We’ve been bombarded with a variety of coatings and platings over the past few years, most of which are called “proprietary” and given a cool name. In reality, there aren’t a whole lot of finishes or metal treatments out there. Many are just variations on a theme, such as all the derivatives of nitrocarburization and nickel plating.
Nickel boron is related to electroless nickel plating and electroless nickel with teflon (also known as Robar’s NP3) with regard to the plating process. Nickel boron is reported to provide “permanent dry lubricity”. In other words, less friction amongst the reciprocating parts, as well as where they interface with static components.
It didn’t really occur to me that this might lead to lower operating temperatures. In fact, when I noticed a discrepancy between a rifle with a nickel boron BCG and a similar rifle with a standard, phosphate finished BCG, I wasn’t sure what to think. They used different rail systems and gas system lengths. Initially, I chalked it up to those minor differences. Then, I decided to use a standard BCG in the rifle that was originally equipped with the NiB BCG, using the same test protocol. After that, I repeated the test, twice, with each BCG, allowing the weapon to cool to ambient temperature between strings of fire.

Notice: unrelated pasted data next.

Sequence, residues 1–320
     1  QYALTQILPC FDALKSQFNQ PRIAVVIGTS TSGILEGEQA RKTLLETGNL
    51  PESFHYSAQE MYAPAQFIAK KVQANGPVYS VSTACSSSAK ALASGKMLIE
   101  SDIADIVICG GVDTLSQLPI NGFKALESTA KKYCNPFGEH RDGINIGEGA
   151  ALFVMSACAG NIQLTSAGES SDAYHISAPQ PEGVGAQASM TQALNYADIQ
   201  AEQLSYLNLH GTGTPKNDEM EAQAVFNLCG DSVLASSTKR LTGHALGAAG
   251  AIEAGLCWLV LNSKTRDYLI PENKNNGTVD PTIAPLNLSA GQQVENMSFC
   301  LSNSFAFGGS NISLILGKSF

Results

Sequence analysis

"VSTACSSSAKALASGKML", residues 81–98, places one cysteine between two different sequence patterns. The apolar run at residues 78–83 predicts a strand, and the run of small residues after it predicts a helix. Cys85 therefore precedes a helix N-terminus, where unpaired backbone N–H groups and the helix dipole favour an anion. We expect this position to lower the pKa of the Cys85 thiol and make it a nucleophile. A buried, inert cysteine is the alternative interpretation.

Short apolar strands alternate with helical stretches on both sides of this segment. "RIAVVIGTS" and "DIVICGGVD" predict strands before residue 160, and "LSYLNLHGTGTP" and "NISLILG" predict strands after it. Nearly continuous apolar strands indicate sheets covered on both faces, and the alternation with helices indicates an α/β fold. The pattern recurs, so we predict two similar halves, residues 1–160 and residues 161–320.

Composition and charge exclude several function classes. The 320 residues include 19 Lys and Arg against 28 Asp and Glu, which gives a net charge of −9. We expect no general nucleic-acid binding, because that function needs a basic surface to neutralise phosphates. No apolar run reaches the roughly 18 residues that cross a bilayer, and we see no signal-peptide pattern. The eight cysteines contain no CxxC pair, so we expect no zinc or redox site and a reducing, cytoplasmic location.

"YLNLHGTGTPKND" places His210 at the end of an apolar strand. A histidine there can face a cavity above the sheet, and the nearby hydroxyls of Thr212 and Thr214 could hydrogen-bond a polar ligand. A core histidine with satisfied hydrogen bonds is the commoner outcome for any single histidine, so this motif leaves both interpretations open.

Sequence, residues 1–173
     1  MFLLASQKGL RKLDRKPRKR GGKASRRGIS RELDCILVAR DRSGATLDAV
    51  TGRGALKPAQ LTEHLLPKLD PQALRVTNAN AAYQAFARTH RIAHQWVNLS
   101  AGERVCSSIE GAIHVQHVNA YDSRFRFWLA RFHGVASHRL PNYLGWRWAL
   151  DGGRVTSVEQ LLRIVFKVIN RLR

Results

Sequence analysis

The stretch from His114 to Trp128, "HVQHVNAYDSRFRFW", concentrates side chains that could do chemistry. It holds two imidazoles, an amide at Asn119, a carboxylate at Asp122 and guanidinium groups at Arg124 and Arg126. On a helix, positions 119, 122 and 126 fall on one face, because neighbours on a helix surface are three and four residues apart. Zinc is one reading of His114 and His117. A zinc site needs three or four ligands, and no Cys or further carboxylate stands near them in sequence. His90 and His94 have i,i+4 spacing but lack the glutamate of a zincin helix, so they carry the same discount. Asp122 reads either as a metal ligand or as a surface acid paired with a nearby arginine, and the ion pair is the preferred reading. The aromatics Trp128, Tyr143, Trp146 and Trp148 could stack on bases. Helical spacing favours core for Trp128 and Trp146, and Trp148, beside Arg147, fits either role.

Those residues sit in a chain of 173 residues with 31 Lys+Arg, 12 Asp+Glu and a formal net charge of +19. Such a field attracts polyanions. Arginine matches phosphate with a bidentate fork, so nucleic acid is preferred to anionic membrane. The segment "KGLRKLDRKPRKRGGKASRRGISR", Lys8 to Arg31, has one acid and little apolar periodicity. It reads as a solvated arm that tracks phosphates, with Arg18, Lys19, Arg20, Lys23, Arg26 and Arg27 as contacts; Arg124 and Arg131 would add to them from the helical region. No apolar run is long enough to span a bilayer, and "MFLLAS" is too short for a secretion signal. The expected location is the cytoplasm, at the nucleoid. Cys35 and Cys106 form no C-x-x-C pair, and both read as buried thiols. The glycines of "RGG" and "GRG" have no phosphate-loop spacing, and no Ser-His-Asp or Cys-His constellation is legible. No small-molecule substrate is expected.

The test was performed by firing 80 rounds of centerfire ammunition as quickly as possible through the AR-15 pictured below:
No malfunctions were experienced during any of the 5 strings of fire.
I then measured the temperature of the gas block, chamber, bolt face, and handguard (in four locations) immediately after firing and at two minute intervals out to 10 minutes.
For the sake of comparison, I have included the temperature of an M4 type carbine equipped with a KAC M4 RAS handguard. The rifle above was equipped with a Daniel Defense OmegaX 9.0. None of the rails had any covers during the testing.
Gas block temperature profiles were nearly identical for all weapons.
The same goes for chamber temperatures.
Bolt face temperatures, however, were another story.
The bolt face of the nickel boron plated BCG stayed, at its peak, 13 degrees cooler than the same weapon with the standard BCG, and 17 degrees cooler than the M4 carbine with the KAC M4 RAS.
Here is the nickel boron BCG compared with the POF RDIK and POF P-415 uppers, which underwent the same test (again, we’re talking bolt face temp here):
As always, I’m not a scientist and this was not a scientific test, but I do feel fairly confident in the results, given that I double and triple-checked the numbers and nothing was outside of a small margin of error. The above numbers are the average of said tests and retests.
I do realize that this was a sample size of one and that the limited testing doesn’t definitively prove anything. I do think that it is an interesting result that I would like to follow up on after I get more ammo and possibly more nickel boron plated BCGs.